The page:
The ketogenic diet is a type of diet high in fat and low in carbohydrates used by many people with the aim of reducing a significant weight loss. All people who follow this type of diet have to be carefully monitored by their doctor or dietitian to be sure that they are doing it correctly. According to a new study conducted by the University Clinical Hospital of Santiago de Compostelaensures that a very low-calorie ketogenic diet helps improve the immune system and improves biomarkers of oxidative and inflammatory stress in overweight people.
Ana Belén Crujeiras, principal investigator of the study and of the University Clinical Hospital of Santiago de Compostela, points out that the results help combat obesity and some of its diseases.
“The results highlight the possible usefulness of this nutritional strategy to combat obesity and its associated diseases, such as cancer and viral infections, as well as to promote healthy aging.”
The researchers evaluated thirty inflammatory and oxidative stress markers in overweight patients following a low-fat, low-calorie ketogenic diet. The trial demonstrates that nutritional ketosis along with weight loss, improves the immune response of patients with obesity.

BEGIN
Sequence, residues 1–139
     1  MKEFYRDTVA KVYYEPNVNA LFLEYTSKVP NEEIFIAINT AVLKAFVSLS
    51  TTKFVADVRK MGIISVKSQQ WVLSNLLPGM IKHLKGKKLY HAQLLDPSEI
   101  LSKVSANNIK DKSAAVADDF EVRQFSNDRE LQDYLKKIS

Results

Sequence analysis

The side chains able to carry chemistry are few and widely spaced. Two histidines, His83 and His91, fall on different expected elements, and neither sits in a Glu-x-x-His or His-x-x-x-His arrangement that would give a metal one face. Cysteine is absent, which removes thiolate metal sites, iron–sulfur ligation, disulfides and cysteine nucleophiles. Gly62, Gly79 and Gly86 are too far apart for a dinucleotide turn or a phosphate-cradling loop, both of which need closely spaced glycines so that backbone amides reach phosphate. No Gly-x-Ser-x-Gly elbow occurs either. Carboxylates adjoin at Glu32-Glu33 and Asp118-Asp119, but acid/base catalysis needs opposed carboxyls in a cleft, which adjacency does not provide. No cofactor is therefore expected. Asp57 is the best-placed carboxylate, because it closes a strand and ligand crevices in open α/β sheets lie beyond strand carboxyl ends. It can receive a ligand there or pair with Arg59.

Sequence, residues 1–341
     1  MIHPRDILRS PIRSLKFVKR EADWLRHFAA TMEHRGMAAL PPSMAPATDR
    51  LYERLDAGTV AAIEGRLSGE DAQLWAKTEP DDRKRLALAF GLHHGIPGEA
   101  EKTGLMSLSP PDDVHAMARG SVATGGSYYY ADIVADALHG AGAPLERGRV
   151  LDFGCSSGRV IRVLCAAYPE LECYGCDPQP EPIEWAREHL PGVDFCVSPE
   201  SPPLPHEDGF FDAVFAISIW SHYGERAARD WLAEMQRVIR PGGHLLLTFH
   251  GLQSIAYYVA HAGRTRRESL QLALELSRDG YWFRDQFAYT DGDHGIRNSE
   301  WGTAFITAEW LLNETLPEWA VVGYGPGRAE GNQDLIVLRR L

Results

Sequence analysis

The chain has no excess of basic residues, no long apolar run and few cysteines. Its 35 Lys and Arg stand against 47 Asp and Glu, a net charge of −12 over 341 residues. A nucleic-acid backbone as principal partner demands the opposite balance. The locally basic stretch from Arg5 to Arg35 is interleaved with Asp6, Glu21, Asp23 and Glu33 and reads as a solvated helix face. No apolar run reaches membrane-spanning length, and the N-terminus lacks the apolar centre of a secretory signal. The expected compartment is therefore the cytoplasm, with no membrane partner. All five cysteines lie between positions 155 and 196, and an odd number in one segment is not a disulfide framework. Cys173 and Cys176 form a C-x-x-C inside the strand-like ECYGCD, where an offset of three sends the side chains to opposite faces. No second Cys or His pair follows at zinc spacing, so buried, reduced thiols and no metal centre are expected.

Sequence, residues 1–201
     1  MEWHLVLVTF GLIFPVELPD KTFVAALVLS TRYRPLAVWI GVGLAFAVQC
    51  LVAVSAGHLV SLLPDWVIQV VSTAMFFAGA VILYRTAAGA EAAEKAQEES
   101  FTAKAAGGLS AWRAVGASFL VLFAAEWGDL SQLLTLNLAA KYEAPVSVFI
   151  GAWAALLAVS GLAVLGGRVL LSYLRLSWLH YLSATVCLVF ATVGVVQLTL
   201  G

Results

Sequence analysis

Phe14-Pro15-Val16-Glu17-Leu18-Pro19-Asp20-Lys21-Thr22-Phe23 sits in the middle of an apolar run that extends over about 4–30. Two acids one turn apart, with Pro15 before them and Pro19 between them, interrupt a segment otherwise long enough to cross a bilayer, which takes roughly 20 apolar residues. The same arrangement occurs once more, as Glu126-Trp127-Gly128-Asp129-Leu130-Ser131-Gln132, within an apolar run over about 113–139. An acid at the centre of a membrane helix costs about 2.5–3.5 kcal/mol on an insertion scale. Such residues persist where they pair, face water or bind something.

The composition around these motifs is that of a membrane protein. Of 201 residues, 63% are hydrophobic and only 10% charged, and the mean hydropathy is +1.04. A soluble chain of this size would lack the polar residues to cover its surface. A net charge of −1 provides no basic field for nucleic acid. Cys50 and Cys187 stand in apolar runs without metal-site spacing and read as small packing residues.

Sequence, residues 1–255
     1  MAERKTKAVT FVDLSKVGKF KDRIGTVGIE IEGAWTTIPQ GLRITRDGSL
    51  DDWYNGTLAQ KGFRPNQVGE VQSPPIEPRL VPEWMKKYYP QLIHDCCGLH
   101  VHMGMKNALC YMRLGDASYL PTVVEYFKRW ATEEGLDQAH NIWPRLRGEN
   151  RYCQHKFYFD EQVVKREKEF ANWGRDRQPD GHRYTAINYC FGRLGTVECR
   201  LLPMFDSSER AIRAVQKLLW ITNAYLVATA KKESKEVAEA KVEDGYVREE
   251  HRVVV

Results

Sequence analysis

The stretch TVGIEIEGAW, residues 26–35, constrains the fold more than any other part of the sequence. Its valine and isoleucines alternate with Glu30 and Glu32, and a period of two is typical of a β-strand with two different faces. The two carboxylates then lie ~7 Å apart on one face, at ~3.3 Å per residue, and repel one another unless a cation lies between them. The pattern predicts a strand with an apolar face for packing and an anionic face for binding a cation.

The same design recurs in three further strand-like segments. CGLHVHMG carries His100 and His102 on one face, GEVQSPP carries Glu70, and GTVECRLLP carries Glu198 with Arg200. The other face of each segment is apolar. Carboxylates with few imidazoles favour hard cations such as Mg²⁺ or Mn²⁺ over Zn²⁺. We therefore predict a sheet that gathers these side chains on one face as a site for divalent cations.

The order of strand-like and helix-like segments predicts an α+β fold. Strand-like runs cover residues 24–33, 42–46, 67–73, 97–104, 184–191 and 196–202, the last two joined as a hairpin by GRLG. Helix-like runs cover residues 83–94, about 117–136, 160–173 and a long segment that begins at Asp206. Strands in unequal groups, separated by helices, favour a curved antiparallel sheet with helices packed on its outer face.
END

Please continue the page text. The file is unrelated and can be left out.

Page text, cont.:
The study arises from the evident relationship established between obesity and inflammation. Faced with this situation, there was an interest in clarifying how the different inflammatory and oxidative markers in people who wanted to reduce body weight. Crujeiras points out that this study is “something that had not been done so widely before. An interesting field of research is opening up that will surely yield interesting insights in the future”. The ketogenic diet sweeps social networks and is very fashionable among celebrities and influencers. The nutritional strategy of this type of diet has been studied in pathologies such as cancer, diabetes or epilepsy. It is not a recommended diet for all people, it is necessary to know very well how to carry it out correctly and to carry out an exhaustive follow-up by a nutritionist or doctor. With this study it is expected to continue obtaining the benefits observed in patients to date, but a follow-up must be carried out to confirm that the results are maintained over time. Felipe Casanueva, coordinator of the research and head of the CHUS Endocrinology and Nutrition service, assures that “An interesting field of research is opening up that will surely yield interesting insights in the future”.